County Commission Candidates Participate In Power Breakfast Forum

By Johanna F. Still, posted Sep 22, 2022
New Hanover County Board of Commissioner candidates participate in a forum at the Greater Wilmington Business Journal's Power Breakfast Thursday morning. (Screenshot from the GWBJ's YouTube recording)
Candidates for the New Hanover County Board of Commissioners participated in a forum hosted by the Greater Wilmington Business Journal at its Power Breakfast Thursday morning. 

North Carolina House of Representatives and Senate candidates also spoke in a separate discussion during the event. 

Two seats are open for the county board. Commissioner Rob Zapple is running for re-election, and Chairwoman Julia Olson-Boseman, who lost her bid for re-election in the spring primary, will see her term end in December. 

Incumbent Zapple, LeAnn Pierce, Tom Toby and Travis Robinson are vying for those two open seats. 

During a time-moderated forum, candidates briefly introduced themselves before diving into the issues. 

First discussed was what many consider residents’ No. 1 concern: growth and development. Toby, a longtime firefighter and EMT who owns a towing company in Wilmington, said it was important to preserve the remaining commercial and industrial zoning. “If we do away with our commercial and industrial – which we have precious little of left in New Hanover County – that doesn’t leave us a whole lot of room for business and development growth.” 

Zapple spoke to the need to increase density in appropriate areas while being mindful to not shoehorn these projects into existing neighborhoods. Pierce, small-business owner and former Carolina Beach councilwoman and mayor, said officials must focus on infrastructure to address the region’s housing shortage. “If you don’t grow, you die,” she said. 

On the topic of affordable housing, Zapple highlighted actions the county has taken over the past year. Recent county investments include attributing funding to the issue for the first time with $15 million for a five-year period and pitching in to assist the private affordable housing development Starway Village. “We’re on the path,” Zapple said. “We’ve got a lot more work to [do].”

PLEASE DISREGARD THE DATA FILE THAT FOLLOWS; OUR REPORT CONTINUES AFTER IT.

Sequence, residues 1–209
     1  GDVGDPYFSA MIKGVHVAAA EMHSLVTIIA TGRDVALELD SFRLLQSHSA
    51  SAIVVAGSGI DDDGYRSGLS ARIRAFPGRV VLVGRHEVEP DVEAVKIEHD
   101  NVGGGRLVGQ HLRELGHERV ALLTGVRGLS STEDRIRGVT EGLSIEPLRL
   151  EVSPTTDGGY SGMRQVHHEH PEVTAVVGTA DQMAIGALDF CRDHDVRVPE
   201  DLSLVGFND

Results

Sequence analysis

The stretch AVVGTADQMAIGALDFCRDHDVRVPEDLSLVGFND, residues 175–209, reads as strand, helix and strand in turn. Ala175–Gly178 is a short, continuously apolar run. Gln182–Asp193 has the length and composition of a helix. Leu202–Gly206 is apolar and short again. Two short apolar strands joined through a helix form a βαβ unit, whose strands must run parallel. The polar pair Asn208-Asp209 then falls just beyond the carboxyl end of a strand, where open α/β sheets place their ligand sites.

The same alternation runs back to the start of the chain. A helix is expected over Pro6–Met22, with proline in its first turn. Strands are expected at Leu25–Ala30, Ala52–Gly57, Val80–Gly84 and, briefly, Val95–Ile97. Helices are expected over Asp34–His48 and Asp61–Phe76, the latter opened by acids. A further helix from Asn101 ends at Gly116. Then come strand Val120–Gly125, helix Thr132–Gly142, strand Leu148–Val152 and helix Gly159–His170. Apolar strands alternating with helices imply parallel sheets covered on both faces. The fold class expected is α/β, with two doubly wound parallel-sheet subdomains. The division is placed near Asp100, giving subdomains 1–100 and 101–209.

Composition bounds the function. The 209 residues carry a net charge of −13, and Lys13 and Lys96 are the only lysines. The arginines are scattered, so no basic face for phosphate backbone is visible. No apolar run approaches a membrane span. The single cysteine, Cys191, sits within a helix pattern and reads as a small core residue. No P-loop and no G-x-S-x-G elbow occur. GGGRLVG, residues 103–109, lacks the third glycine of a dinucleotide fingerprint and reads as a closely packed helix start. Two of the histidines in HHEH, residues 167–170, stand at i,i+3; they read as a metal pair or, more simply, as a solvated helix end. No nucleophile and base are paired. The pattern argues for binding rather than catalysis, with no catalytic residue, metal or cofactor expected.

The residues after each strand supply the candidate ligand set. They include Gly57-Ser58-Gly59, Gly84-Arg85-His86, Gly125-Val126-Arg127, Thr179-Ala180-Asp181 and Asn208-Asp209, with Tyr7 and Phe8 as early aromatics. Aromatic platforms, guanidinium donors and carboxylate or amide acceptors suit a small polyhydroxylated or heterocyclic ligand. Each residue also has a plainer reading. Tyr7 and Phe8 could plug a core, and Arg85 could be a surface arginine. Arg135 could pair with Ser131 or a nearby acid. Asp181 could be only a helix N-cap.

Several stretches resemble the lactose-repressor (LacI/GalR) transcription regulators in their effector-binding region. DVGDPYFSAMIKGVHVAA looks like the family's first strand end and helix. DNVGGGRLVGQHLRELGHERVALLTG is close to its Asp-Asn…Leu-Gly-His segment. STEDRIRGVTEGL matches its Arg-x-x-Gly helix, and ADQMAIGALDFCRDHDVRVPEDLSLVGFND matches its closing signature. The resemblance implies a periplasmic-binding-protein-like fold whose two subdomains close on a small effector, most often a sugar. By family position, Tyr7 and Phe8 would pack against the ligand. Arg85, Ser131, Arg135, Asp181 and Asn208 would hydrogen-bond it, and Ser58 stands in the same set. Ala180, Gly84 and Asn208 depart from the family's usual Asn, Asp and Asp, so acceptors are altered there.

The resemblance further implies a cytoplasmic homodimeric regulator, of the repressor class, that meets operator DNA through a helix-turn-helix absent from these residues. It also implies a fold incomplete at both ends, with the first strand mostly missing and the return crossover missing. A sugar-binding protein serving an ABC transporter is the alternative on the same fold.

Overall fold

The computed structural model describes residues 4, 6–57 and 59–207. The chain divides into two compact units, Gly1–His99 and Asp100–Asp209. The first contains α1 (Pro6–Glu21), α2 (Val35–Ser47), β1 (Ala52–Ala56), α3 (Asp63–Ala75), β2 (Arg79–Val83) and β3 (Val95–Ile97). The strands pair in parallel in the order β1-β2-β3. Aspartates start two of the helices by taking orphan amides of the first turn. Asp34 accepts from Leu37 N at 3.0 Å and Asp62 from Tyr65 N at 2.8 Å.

Pierce said the region needs to bring in higher-paying jobs to help residents afford to live in the area. 

As for economic development, Zapple touted the county’s recent partnership with Cape Fear Public Utility Authority; in that agreement, the county will fund an estimated $23.5 million utility project to bring water and sewer to areas of northern New Hanover County. 

“That’s the way to do it,” he said. “That’s the path to our future with those kinds of partnerships.” 

Robinson, who spent nearly 30 years working for the New Hanover County Sheriff’s Office, said there should be a greater emphasis on vocational programs and apprenticeships that enhance trades. 

Incentives should be considered on a case-by-case basis, Toby said, and analyzed based on their cost-benefit to residents. Toby referenced the fallout from the state’s sunsetted film tax credit program in 2014 and the wide-ranging impact just one production can have on local small businesses. “It was devastating to this area,” he said. 

Besides creating a $1.2-billion endowment, the 2021 sale of the county-owned New Hanover Regional Medical Center to Novant Health also provided the county with a $300 million revenue stabilization fund and $50 million fund for mental and behavioral health. Unlike the endowment funds, which are overseen by a separate entity, commissioners have latitude with how the $350 million gets spent. 

Zapple said he wants to see that money “back on the street” as soon as possible, while still being careful to ensure the chosen investments make a generational impact. 

Given the area's transportation funding issues, Robinson said he could see the funds being attributed to area traffic issues, including a replacement for the Cape Fear Memorial Bridge, a currently unfunded project. 

Pierce said she could see the funds being spent to expand Cape Fear Community College’s nursing program to address the nursing shortage adversely affecting the health care system. “I don’t like to spend money unless we have to,” she said. “It’s very important that we are conservative with that money and not just spend it because it’s there.”

Asked for one thing the candidates would like to accomplish if elected, Toby said he’d like to see accountability codified for sitting commissioners. “It’s kind of crazy that we can impeach a sitting president but we cannot remove a local official that is not performing or is behaving badly,” he said. 
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